Accelerating evidence synthesis for safety assessment through the ClinicalTrials.gov platform: A large-scale feasibility analysis
2Institute for Evidence-Based Healthcare (IEBH), Faculty of Health Sciences and Medicine, Bond University, Australia
3Université Paris Cité, Research Center of Epidemiology and Statistics (CRESS-U1153), INSERM, Paris, France, France
4School of Public Health, Faculty of Medicine, The University of Queensland, Australia
5Department of Epidemiology and Biostatistics, Mel and Enid Zuckerman College of Public Health, University of Arizona, USA
Background: Systematic reviews, long considered the best way to answer questions in healthcare, are labor-intensive and time-consuming, making them impractical as a method to provide timely evidence for an urgent public pandemic. The ClinicalTrials.gov platform provides a promising way to accelerate systematic review evidence production.
Objectives: In this study, we aim to investigate the feasibility of accelerating evidence synthesis practice for safety assessment through the ClinicalTrials.gov platform.
Methods: We searched PubMed (from 1st Jan, 2015 to 31st Dec, 2020) for systematic reviews of safety using randomized controlled trials (RCT) of pharmacological interventions. This established a real-world dataset consisting of meta-analyses with five or more studies. The registration information of each trial from eligible reviews was further collected and verified to emulate rapid synthesis process through ClinicalTrials.gov. The meta-analytic data were then re-analyzed by using 1) the full meta-analytic data with all trials and 2) emulated rapid data with trials that had been registered and posted results on ClinicalTrails.gov, under the same synthesis methods. The effect estimates of the full meta-analysis and rapid meta-analysis were compared in terms of the magnitude and direction of the effects, as well as the significance of P-value.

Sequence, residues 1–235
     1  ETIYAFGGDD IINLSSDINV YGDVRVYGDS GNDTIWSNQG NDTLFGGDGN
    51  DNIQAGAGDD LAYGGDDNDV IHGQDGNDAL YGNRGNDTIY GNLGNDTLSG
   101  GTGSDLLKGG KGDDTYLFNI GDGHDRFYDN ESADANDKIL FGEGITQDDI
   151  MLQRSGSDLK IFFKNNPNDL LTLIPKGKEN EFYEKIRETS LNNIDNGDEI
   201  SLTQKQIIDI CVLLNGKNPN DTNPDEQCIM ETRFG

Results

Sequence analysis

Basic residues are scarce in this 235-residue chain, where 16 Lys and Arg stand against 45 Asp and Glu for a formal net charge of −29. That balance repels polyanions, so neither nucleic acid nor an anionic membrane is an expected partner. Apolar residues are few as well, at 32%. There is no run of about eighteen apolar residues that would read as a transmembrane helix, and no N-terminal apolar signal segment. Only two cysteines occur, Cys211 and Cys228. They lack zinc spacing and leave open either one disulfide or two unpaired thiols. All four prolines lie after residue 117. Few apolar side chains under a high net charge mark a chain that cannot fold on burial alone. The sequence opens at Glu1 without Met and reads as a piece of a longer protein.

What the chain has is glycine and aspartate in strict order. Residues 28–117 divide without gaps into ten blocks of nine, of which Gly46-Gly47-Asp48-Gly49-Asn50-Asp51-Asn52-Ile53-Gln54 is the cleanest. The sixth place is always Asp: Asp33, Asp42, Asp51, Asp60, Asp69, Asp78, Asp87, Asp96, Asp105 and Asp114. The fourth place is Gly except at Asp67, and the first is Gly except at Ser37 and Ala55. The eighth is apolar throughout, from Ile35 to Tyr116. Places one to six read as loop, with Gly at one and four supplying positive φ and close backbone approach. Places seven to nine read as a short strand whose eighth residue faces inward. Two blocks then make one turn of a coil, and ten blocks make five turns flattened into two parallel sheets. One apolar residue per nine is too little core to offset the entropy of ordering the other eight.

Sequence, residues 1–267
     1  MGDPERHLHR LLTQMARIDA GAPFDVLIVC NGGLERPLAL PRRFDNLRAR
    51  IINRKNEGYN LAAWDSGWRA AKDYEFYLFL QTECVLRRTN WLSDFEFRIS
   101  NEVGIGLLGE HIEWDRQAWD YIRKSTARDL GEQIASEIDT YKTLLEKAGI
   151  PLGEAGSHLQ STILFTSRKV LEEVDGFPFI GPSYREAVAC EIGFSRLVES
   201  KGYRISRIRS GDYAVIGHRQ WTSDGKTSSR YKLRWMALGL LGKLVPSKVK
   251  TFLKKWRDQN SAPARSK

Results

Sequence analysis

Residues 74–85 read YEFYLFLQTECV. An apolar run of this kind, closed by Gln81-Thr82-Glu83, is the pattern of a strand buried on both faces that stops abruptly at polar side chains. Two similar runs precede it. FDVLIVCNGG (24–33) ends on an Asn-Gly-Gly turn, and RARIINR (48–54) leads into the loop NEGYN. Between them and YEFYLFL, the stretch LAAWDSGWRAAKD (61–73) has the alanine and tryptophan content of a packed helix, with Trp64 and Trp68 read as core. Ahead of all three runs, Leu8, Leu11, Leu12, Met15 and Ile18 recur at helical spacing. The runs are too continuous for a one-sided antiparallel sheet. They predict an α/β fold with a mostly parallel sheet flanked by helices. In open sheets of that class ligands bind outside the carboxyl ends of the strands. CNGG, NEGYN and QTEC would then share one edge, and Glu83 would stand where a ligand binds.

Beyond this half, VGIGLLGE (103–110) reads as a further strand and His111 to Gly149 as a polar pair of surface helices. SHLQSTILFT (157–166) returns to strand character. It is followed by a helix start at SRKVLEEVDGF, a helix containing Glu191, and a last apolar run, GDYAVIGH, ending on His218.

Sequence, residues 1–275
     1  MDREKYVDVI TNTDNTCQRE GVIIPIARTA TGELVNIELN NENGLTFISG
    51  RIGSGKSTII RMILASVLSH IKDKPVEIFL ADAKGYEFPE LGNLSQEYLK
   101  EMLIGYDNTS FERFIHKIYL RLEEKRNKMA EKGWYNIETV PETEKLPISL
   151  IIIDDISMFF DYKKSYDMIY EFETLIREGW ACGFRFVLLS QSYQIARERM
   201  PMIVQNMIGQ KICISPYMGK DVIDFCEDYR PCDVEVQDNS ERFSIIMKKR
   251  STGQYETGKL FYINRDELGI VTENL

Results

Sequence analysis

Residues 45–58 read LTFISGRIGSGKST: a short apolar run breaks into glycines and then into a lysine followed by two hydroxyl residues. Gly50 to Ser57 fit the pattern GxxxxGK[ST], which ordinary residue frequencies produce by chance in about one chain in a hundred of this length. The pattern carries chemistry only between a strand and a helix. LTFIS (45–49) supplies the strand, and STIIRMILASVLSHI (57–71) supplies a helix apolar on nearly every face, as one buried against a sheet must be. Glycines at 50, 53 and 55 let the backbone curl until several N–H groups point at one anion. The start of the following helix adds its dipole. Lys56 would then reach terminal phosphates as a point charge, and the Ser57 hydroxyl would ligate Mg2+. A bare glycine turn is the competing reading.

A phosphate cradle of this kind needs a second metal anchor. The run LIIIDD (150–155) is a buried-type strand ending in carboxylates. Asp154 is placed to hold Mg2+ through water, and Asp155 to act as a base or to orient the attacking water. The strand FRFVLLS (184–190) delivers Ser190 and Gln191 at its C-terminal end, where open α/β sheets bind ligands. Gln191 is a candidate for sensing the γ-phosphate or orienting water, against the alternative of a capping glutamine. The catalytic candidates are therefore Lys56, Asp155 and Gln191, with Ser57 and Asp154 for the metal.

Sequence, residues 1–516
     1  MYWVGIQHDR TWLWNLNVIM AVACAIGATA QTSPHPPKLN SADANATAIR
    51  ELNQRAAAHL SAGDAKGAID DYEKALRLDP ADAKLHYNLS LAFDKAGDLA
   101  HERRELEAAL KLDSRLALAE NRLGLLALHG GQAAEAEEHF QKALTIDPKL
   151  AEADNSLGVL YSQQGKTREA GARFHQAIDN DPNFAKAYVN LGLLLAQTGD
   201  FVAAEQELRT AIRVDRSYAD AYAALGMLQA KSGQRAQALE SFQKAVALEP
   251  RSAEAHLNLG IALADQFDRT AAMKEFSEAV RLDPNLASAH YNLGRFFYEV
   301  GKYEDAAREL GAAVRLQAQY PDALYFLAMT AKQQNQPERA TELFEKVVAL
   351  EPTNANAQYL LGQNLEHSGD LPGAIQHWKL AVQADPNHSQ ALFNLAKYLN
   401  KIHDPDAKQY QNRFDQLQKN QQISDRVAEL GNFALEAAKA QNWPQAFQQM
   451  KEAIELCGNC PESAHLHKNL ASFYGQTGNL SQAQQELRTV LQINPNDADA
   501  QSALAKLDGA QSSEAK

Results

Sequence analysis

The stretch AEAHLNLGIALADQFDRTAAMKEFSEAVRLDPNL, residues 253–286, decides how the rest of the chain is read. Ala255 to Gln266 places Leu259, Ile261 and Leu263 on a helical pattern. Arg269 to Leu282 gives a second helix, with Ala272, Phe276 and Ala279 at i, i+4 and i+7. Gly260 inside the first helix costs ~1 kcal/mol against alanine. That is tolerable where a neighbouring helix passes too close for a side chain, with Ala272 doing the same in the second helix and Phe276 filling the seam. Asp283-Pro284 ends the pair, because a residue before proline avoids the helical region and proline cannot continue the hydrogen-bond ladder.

Results:The real world dataset consisted of 151 eligible systematic reviews, contaning 558 meta-analyses. Amongst these meta-analyses, 56 (10.0%) had none of their RCTs, therefore, they were not feasible for a rapid synthesis. For the remaining 502, a median proportion of 70.1% (interquartile range: 33.3% to 88.9%) of the RCTs were registered on ClinicalTrials.gov and posted results per meta-analysis. Under a 20% tolerable bias, rapid synthesis through ClinicalTrials.gov can achieve an accurate effect estimate in 77.4% to 83.1% of the situation and an accurate direction prediction in 91.0% to 95.3% of the situation.
Conclusions: Synthesising evidence through the ClinicalTrials.gov platform may be a feasible rapid approach to producing evidence to support urgent decision-making, which could be considered in the future.
Patient, public and/or healthcare consumer involvement: None